Sample Reading Report: A Mainstream Novel

Dave King Editorial Services
September 28, xxxx
Working Naked

WHAT WORKS: Quite a lot. For one, the story of the hooker trying to make something of herself has been around for quite a while, but with Louis and his laid back, family whorehouse, you've given it a new and plausible twist. Darlene is delightfully believable both in her role as a trailer-trash Pygmalion to be -- Picasso the pet snail is a great touch. Also, you've created some wonderfully endearing minor characters, such as Pruett the lecherous dean or Harold the bug-eating entomologist. And I loved the two self-righteous homeless whom Darlene invited to Thanksgiving. You make good use of the Sagebrush Rebellion as background and plausibly capture the pettiness of small college life. You've got a lot going for you.


CHARACTER: But there are problems as well, of course. Probably your largest is that Randolph's character never really gels. It's clear that you intended to have him be so bitter about his divorce that he's unwilling to open his heart or even pay attention to Darlene as a possible romantic partner. Then she, with her lack of guile, manages to win his heart in the classic Pygmalion style. The problem is, you never inhabit his head thoroughly enough that your readers can feel his bitterness. We know what happened between him and his wife, but we never get a feeling for the happy life together that she destroyed -- we don't know what her betrayal felt like. As a result, we don't feel his hatred for women enough for him to gain sympathy, and his treatment of Darlene feels too much like indifference and occasional cruelty. In short, he's your main character, and I didn't like him very much.

There are one or two other, minor places where that lack of sympathy shows up as well -- the culture clash during the dinner at the Boquists was a bit heavy handed, for instance, mostly because we never really felt Darlene's growing nervousness about fitting in.

PLOT:While you do handle the Pygmalion plot well and in an original setting, it is still recognizably the Pygmalion plot. Indeed it's quite straightforward. Hooker moves in with college professor, learns to fit in after a rocky start, then through native charm and simplicity coaxes him out of his shell and into falling in love with her. There are no real surprises and, except for the brief parting at the end, no major plot twists. Even your main subplot, Randolph's tension with Pruett, resolves itself with little muss or fuss.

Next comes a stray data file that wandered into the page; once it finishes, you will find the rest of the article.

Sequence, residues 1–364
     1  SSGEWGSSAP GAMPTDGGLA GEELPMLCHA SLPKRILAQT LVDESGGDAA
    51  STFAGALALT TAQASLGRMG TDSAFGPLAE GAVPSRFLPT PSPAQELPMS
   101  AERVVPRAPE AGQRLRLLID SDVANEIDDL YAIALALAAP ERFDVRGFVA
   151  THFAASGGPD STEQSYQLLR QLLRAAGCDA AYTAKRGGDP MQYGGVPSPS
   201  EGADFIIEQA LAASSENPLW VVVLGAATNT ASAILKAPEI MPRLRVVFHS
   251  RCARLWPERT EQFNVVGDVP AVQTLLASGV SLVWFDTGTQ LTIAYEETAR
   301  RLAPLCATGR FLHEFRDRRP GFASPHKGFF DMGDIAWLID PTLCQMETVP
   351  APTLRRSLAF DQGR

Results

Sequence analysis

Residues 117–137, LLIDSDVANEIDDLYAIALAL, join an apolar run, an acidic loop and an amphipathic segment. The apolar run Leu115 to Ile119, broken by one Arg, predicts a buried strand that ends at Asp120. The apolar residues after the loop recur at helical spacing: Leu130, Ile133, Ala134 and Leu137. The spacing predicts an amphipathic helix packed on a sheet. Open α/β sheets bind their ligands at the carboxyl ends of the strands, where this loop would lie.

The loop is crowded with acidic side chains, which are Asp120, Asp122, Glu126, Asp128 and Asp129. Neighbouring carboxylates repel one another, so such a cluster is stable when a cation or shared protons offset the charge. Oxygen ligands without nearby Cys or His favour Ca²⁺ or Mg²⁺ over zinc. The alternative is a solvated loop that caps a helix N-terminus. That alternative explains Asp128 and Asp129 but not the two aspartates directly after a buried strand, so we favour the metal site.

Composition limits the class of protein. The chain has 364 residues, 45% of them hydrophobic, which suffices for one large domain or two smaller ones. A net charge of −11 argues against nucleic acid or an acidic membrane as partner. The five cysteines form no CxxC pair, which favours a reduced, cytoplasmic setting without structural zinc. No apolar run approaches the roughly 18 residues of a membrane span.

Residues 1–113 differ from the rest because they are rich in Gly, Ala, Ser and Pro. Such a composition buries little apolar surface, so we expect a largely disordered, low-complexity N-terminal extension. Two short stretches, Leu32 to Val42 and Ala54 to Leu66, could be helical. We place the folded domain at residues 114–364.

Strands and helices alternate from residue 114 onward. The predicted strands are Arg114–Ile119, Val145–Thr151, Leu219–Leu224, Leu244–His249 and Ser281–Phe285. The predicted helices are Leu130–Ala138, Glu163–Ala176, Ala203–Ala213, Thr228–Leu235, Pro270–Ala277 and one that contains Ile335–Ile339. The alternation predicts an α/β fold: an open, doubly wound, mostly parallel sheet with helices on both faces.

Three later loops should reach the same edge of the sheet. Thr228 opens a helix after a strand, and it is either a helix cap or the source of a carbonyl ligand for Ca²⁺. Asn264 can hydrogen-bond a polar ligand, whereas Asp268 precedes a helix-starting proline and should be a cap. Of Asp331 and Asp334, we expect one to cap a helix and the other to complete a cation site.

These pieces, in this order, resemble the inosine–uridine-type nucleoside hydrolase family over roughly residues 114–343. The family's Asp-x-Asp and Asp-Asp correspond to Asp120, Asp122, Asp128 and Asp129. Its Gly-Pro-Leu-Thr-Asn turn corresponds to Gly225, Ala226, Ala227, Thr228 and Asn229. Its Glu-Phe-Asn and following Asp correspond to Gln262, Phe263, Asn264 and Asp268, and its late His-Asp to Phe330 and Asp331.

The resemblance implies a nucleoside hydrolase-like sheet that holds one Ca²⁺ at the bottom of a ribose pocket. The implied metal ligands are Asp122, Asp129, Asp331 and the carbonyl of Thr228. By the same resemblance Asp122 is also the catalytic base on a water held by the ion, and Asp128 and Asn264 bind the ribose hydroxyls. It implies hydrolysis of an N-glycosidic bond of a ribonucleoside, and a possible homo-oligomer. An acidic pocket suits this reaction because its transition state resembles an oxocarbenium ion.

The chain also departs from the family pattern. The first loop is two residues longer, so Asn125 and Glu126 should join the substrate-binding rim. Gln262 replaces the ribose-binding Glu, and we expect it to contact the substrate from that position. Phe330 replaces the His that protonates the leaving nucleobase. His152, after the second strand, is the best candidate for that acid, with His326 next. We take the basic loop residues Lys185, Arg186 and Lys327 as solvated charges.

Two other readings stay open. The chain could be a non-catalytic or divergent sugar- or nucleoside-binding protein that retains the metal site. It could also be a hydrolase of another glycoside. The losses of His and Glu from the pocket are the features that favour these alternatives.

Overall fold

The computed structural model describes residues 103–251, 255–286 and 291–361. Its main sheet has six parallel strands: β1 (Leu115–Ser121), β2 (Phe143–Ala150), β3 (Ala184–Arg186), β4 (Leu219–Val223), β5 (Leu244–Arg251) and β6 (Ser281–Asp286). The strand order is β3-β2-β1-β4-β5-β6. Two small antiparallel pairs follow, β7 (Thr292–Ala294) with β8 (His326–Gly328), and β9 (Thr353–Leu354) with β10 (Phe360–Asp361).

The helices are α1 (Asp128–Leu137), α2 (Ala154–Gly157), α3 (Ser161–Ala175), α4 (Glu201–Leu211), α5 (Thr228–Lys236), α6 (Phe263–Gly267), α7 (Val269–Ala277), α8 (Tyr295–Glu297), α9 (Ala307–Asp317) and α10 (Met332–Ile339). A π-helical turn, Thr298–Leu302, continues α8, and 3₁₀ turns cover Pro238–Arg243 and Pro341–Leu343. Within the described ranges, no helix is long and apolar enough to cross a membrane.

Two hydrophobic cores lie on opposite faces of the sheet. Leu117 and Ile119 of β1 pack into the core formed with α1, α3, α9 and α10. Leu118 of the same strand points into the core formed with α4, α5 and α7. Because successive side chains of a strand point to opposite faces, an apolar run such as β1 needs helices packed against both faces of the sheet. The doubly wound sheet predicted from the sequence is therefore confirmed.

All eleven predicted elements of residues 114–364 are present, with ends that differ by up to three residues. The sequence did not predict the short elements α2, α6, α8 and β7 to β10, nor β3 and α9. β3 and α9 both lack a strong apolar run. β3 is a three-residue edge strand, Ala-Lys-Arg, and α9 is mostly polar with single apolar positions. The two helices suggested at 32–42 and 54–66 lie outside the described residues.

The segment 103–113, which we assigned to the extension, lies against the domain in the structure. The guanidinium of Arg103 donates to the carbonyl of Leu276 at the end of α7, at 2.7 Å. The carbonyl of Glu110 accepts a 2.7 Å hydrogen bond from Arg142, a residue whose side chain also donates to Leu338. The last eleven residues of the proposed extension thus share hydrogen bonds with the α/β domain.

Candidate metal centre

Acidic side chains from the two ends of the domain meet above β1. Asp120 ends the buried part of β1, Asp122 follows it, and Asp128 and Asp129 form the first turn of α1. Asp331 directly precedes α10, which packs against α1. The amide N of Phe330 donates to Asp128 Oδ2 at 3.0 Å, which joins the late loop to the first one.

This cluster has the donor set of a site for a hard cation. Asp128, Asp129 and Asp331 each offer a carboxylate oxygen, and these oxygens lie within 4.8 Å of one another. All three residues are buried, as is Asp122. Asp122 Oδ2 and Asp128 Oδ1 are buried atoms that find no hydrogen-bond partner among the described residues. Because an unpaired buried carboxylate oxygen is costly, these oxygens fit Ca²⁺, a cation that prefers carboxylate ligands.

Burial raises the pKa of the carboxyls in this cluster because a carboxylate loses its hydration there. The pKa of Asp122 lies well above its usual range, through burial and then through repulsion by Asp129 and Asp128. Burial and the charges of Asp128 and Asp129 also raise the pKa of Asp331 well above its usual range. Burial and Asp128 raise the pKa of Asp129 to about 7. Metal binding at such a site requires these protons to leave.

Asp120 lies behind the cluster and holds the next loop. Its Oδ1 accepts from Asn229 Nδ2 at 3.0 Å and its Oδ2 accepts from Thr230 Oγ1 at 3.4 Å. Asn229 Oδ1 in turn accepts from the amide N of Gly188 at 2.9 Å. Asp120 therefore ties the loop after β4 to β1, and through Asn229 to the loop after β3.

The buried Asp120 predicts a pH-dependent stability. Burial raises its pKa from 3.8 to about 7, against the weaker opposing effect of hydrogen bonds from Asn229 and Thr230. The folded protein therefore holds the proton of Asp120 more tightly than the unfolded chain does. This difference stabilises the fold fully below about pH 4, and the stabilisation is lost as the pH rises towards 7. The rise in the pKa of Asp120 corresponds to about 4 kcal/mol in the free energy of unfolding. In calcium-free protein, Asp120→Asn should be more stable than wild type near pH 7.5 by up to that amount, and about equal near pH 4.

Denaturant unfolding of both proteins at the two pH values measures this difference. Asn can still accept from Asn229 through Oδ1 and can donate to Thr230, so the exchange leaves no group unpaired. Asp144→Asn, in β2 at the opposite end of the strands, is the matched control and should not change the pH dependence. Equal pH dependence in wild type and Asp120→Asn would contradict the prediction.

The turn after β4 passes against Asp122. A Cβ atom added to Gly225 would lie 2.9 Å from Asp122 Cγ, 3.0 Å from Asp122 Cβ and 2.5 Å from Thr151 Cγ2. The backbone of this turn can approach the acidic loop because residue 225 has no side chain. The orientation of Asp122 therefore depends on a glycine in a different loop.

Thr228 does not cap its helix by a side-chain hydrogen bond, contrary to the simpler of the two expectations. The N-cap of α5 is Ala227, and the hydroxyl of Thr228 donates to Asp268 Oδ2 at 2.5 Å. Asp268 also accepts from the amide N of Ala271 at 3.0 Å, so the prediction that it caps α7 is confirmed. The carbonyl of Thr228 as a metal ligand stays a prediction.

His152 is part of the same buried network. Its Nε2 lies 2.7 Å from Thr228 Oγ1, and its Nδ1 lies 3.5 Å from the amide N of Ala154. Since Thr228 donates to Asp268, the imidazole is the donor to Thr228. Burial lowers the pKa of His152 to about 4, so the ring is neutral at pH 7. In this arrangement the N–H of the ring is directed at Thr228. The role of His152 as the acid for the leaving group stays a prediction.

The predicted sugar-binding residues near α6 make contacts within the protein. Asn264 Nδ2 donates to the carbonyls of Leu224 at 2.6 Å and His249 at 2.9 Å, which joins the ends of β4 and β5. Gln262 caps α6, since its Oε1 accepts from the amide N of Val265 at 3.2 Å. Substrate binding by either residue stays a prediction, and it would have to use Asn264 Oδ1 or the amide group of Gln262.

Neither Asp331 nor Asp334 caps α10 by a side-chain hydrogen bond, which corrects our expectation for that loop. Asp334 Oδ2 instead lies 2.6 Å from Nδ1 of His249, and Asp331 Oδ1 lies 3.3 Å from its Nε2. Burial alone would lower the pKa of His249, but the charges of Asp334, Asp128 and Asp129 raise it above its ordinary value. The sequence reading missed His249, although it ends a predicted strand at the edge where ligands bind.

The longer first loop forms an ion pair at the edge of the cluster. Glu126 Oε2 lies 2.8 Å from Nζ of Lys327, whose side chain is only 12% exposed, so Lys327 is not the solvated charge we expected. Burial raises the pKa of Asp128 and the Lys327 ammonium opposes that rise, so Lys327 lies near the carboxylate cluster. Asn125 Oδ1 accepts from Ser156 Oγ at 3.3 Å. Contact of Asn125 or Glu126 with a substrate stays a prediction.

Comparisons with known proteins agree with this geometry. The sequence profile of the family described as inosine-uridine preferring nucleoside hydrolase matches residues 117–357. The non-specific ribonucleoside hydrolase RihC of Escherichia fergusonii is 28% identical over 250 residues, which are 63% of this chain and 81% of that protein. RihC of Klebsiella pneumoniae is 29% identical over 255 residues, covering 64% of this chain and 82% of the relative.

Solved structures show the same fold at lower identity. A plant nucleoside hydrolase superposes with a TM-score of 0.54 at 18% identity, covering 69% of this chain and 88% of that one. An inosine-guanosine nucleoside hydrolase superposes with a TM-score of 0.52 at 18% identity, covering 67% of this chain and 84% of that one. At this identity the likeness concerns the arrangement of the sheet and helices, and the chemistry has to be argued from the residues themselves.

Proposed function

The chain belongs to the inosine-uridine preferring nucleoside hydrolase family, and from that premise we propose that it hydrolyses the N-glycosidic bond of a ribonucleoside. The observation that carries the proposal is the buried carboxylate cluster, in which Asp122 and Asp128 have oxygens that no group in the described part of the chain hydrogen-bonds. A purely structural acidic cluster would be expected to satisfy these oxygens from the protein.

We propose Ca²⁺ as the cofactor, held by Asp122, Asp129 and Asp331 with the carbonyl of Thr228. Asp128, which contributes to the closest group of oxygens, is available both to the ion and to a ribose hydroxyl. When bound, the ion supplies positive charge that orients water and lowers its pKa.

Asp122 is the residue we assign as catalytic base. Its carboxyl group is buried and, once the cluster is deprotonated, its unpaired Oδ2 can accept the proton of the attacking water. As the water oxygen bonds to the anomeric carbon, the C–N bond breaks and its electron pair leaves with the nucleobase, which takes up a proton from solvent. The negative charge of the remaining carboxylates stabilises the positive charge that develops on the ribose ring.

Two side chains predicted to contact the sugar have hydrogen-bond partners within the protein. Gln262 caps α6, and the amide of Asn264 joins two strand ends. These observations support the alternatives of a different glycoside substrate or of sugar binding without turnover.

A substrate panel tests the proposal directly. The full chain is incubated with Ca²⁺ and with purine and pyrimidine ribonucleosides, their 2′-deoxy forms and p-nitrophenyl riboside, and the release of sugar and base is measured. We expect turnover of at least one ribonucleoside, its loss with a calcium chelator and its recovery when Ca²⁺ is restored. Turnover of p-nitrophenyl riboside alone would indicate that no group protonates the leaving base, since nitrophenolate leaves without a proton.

You're also not making good use of the details of your setting and background. Darlene and Randolph meet through the curlews, for instance, and you develop the tension between the locals and the government with Randolph in the middle for a good portion of the book -- including the fire that drives Darlene away from the brothel. Yet except for his mating dance at the end, the curlews and the tension about them never play a role in the story. The fact that Darlene is an ex-hooker never really enters into the story past a certain point, either. It's part of her character, but it never really intrudes on her life on campus.


All you need to make Randolph more sympathetic is a stylistic shift to a more intimate point of view. We need to see a bit more of his memories and of what he expects and suspects of Darlene (a simple dislike of women isn't detailed enough) to understand how he feels. I'm less sure how you could use the details of your setup to further complicate your plot. I suspect that you could interweave Darlene's employment history into Randolph's battle with Pruett by having Darlene publicly accuse Pruett of sexual harassment and having him counter with the claim that you can't sexually harass a prostitute. Perhaps the situation could resolve with Darlene admitting she was a prostitute as a way of rising above her past, or perhaps Louis and some of her supporters on campus could arrange things to cover up her history. Or perhaps Randolph could admit his love for her despite her past, with the expectation that it will cost him his job, then discover that the College President has visited the Calico Club on occasion.

As to what I can do next, I'd love to read the manuscript a second time, then write up a lengthy memo (probably 25-35 pages, double spaced) going into detail on the problems I've mentioned above. Now that I know where your plot and characters are headed, I can pay much closer attention to how they get there. Please get in touch and we'll work out a time to phone. And I'll look forward to working with you further.


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